Last year, 383 people lost their lives on our roads and already we are nine ahead of the same time period last year. Road deaths in Jamaica hover around 10 per 100,000, compared to developed countries, where the rate can be as low as three per 100,000. Road traffic accidents accounted for 17 per cent of injuries seen in emergency departments.

A significant increase in motorbike accidents is worrying. Compared with a person in a car, a bike rider is 20 times more likely to be killed for each kilometer traveled.

Factors that contribute to the high rate of crashes include older, poorly maintained vehicles that often carry many more people beyond their designed to capacity, lack of seat belt and helmet use, poor road surfaces and design, and the indiscipline and poor judgement of road users.

Vice-chairman of the National Road Safety Council Dr Lucien Jones estimates that up to two to three per cent of the GDP is cut by road traffic accidents. If Mr Lee-Chin wants to see five per cent growth in the economy, the road to his success may just lie on our roads.

The survivors of these accidents require surgery in many instances, and their prolonged rehabilitation comes at a significant cost. More often than not, hospital beds are occupied by accident victims awaiting surgery or undergoing prolonged treatment. This at a time when we are in dire need of bed spaces in our health facilities.

The impact of injuries on the health sector is not one that should be addressed solely by the Ministry of Health. By the time a patient gets to the hospital, the damage has literally been done. At that time, the costs are already high.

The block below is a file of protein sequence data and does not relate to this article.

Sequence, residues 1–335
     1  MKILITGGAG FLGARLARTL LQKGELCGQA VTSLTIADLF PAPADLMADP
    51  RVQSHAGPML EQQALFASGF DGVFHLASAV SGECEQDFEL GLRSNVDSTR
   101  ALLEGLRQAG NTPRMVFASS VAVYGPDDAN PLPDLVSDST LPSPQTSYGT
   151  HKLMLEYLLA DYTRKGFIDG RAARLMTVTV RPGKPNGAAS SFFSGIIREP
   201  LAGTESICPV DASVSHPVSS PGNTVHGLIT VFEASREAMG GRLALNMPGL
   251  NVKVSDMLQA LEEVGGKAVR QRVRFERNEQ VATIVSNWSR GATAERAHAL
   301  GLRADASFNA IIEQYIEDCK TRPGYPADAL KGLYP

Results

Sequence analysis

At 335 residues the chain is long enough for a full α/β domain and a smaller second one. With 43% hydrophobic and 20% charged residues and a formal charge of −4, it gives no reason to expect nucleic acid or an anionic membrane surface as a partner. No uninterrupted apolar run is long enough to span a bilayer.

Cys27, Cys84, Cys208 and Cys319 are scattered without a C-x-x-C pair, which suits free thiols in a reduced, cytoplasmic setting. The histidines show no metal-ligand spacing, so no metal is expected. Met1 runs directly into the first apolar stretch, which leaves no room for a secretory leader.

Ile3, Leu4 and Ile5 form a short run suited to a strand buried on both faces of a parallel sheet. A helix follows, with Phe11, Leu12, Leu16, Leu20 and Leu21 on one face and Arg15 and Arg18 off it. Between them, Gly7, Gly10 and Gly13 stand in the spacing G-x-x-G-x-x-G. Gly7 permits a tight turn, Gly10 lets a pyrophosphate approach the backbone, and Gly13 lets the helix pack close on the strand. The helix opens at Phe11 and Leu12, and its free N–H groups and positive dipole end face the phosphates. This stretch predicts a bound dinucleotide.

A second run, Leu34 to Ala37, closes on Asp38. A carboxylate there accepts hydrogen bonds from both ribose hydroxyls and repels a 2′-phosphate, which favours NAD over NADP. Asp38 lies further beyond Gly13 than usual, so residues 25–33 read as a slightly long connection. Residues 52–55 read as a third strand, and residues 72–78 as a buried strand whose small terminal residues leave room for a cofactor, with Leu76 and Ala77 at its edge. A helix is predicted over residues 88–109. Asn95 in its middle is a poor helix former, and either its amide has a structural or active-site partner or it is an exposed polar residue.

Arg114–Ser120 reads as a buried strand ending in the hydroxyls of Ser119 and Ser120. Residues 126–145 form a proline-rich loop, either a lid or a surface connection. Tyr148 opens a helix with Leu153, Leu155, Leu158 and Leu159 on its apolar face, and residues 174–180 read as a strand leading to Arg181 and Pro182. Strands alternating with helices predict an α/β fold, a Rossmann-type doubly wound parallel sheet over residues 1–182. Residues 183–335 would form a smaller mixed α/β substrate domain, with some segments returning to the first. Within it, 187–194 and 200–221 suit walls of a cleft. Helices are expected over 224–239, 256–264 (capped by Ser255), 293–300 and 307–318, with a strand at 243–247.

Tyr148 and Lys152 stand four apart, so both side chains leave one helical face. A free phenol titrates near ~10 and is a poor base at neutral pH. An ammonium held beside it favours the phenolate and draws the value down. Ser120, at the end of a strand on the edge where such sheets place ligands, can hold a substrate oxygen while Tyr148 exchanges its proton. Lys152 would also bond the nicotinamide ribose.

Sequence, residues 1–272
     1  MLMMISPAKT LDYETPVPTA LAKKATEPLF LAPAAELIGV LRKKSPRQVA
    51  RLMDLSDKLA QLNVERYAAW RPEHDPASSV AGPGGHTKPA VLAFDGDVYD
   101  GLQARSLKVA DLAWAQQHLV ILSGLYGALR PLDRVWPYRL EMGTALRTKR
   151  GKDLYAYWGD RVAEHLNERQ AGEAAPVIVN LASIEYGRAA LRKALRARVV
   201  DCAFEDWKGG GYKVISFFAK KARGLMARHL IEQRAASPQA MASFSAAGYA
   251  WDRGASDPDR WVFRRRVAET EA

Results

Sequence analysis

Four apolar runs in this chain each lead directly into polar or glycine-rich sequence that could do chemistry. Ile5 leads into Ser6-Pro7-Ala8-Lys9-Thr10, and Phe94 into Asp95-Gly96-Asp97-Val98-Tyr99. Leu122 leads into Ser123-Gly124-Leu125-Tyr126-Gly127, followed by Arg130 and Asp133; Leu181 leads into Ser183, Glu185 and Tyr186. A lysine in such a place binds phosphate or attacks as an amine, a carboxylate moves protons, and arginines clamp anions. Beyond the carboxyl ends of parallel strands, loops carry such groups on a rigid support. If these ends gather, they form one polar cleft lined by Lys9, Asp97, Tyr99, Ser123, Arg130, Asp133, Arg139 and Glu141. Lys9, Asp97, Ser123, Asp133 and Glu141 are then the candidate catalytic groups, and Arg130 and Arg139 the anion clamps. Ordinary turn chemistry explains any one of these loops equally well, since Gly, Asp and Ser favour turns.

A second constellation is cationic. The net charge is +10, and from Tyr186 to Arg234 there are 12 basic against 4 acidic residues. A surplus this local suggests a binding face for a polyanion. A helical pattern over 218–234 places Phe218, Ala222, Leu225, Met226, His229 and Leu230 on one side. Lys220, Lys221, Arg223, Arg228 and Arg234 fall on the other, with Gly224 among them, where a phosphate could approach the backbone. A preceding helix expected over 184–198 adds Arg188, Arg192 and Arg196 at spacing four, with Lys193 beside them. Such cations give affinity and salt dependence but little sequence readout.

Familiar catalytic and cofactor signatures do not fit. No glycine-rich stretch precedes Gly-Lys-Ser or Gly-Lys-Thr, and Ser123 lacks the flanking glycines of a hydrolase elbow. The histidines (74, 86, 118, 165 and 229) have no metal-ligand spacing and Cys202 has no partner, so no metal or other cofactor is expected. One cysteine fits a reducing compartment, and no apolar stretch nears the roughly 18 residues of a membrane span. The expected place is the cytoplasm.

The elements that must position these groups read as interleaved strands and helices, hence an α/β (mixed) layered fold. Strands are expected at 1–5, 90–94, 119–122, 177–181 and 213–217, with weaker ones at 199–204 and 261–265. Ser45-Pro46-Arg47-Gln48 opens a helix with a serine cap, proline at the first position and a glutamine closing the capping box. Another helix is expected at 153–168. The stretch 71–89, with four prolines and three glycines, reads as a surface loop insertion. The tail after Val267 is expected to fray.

The best approach is to focus on primary prevention - preventing the injuries from occurring in the first place, and secondary invention - minimising the extent of the injuries during the event. This means effective public-awareness campaigns focusing on road safety, and conflict resolution. The enforcement of laws governing seat belt and helmet use will minimise the injuries sustained after a crash.

When it comes to the high rate of road traffic accidents, we cannot overlook the elephant in the room - corruption. Corruption not only leads to poor enforcement of traffic-safety regulations, but it also extends to the vehicle and driving licensing agency.

A study done by the Pan American Health Organization and the National Road Council of Jamaica in 2006 revealed that 71 per cent of the persons who obtained drivers licences without being examined met in accidents, while for those who obtained drivers licences legally, 40 per cent met in accidents. The corrupt practices of a few have a multiplying effect that becomes a disaster for families and our nation.

If we are to achieve sustainable growth and have a world-class health service, we must look at our country as a whole and address the different pieces of the puzzle.

Without addressing crime and trauma, we will continue to have anaemic growth and a stressed, underfunded health sector. To fix health, we must fix Jamaica.

- Dr Alfred Dawes is a general laparoscopic and weight loss surgeon at the Island Laparoscopy and Medical Care. Email info@islandlaparoscopy.com or yourhealth@gleanerjm.com.